What do you mean by polymorphism, inheritance, encapsulation, and dynamic binding?

General

Polymorphism – means the ability of a single variable of a given type to be used to reference objects of different
types, and automatically call the method that is specific to the type of object the variable references. In a nutshell,
polymorphism is a bottom-up method call. The benefit of polymorphism is that it is very easy to add new classes
of derived objects without breaking the calling code (i.e. getTotArea() in the sample code shown below) that
uses the polymorphic classes or interfaces. When you send a message to an object even though you don’t know
what specific type it is, and the right thing happens, that’s called polymorphism. The process used by objectoriented
programming languages to implement polymorphism is called dynamic binding.

Inheritance – is the inclusion of behaviour (i.e. methods) and state (i.e. variables) of a base class in a derived
class so that they are accessible in that derived class. The key benefit of Inheritance is that it provides the formal
mechanism for code reuse. Any shared piece of business logic can be moved from the derived class into the
base class as part of refactoring process to improve maintainability of your code by avoiding code duplication. The
existing class is called the superclass and the derived class is called the subclass. Inheritance can also be
defined as the process whereby one object acquires characteristics from one or more other objects the same way
children acquire characteristics from their parents.

There are two types of inheritances:
1. Implementation inheritance (aka class inheritance): You can extend an applications’ functionality by reusing
functionality in the parent class by inheriting all or some of the operations already implemented. In Java, you can
only inherit from one superclass. Implementation inheritance promotes reusability but improper use of class
inheritance can cause programming nightmares by breaking encapsulation and making future changes a problem.
With implementation inheritance, the subclass becomes tightly coupled with the superclass. This will make the
design fragile because if you want to change the superclass, you must know all the details of the subclasses to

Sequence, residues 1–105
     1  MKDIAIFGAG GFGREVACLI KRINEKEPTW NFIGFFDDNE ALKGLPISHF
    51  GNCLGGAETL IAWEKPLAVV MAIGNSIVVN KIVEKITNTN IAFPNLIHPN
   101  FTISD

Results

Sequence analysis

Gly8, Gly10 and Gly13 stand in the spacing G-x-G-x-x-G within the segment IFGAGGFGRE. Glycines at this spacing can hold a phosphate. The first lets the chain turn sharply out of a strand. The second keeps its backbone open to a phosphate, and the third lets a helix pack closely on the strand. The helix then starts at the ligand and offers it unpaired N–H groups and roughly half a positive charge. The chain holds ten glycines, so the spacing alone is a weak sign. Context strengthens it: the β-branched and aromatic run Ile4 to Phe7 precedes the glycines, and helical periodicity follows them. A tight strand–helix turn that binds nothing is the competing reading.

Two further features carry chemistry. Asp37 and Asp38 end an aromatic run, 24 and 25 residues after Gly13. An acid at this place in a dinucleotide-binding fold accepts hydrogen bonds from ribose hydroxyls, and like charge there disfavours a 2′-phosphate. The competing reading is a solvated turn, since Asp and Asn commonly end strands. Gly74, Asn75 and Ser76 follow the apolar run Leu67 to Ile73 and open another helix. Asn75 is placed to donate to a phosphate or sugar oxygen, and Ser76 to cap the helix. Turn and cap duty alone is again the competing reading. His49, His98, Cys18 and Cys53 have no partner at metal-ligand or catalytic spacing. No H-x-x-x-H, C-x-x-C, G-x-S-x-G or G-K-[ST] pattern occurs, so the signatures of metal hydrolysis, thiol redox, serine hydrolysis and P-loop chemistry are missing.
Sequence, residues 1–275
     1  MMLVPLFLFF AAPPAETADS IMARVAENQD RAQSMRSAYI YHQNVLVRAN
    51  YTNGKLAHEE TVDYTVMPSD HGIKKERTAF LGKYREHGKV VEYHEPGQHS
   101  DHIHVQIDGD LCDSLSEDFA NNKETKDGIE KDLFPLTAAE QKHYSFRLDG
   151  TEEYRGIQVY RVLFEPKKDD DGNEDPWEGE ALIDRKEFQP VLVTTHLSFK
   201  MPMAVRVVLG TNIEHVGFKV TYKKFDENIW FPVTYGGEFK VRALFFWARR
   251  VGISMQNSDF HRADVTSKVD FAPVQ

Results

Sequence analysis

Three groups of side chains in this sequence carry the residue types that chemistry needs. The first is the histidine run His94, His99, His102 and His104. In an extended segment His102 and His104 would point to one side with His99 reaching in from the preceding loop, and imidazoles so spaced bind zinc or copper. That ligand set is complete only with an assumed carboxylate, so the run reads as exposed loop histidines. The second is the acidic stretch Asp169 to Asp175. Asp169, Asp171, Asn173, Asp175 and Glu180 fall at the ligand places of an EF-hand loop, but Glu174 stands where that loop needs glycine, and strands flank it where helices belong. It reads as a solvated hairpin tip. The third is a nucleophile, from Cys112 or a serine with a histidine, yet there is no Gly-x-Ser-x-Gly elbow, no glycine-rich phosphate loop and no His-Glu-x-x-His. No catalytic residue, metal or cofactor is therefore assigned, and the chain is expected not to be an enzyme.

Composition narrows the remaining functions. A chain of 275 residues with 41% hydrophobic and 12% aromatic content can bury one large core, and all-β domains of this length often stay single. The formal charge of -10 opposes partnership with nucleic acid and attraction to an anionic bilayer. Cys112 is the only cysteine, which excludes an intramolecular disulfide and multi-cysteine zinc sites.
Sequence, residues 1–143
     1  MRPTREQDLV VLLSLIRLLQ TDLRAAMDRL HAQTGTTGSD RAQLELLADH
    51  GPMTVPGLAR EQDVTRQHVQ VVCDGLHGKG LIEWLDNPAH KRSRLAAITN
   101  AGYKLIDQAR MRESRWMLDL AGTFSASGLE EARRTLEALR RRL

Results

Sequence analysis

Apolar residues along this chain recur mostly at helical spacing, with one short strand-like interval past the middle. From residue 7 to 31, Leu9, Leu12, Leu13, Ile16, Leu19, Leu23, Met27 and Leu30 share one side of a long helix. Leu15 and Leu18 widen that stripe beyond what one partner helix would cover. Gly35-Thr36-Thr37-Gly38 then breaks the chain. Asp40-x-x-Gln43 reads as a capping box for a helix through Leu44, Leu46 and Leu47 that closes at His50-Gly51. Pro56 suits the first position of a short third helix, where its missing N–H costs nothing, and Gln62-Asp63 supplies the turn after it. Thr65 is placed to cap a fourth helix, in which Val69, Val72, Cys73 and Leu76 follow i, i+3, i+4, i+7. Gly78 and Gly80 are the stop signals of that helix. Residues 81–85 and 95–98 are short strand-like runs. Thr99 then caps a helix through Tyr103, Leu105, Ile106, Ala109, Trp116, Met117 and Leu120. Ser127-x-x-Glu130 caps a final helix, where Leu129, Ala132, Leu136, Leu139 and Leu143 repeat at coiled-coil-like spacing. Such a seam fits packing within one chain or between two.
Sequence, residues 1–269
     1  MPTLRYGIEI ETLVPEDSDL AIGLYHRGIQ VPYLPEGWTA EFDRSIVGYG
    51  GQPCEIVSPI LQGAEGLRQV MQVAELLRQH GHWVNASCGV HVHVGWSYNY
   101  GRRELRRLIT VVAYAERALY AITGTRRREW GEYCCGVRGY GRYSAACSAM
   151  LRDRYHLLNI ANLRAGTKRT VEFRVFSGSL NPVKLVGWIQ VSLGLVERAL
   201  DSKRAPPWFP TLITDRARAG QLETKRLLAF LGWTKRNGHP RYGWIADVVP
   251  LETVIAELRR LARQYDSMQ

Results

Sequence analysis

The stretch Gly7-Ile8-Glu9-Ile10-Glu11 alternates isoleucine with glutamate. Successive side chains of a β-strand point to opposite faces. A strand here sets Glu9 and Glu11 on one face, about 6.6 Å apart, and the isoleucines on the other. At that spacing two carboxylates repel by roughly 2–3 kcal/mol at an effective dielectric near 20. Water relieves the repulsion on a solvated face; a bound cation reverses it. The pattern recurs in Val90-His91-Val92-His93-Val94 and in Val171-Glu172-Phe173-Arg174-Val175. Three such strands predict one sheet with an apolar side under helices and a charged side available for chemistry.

avoid breaking them. So when using implementation inheritance, make sure that the subclasses depend only
on the behaviour of the superclass, not on the actual implementation. For example in the above diagram the
subclasses should only be concerned about the behaviour known as area() but not how it is implemented.


2. Interface inheritance (aka type inheritance): This is also known as subtyping. Interfaces provide a mechanism
for specifying a relationship between otherwise unrelated classes, typically by specifying a set of common
methods each implementing class must contain. Interface inheritance promotes the design concept of program to
interfaces not to implementations. This also reduces the coupling or implementation dependencies between
systems. In Java, you can implement any number of interfaces. This is more flexible than implementation
inheritance because it won’t lock you into specific implementations which make subclasses difficult to maintain. So
care should be taken not to break the implementing classes by modifying the interfaces.
Which one to use? Prefer interface inheritance to implementation inheritance because it promotes the design
concept of coding to an interface and reduces coupling. Interface inheritance can achieve code reuse with the
help of object composition. If you look at Gang of Four (GoF) design patterns, you can see that it favours
interface inheritance to implementation inheritance.

Encapsulation – refers to keeping all the related members (variables and methods) together in an object.
Specifying members as private can hide the variables and methods. Objects should hide their inner workings from
the outside view. Good encapsulation improves code modularity by preventing objects interacting with
each other in an unexpected way, which in turn makes future development and refactoring efforts easy.

Being able to encapsulate members of a class is important for security and integrity. We can protect variables
from unacceptable values. The sample code below describes how encapsulation can be used to protect the
MyMarks object from having negative values. Any modification to member variable “vmarks” can only be carried
out through the setter method setMarks(int mark). This prevents the object “MyMarks” from having any negative
values by throwing an exception.

 

 

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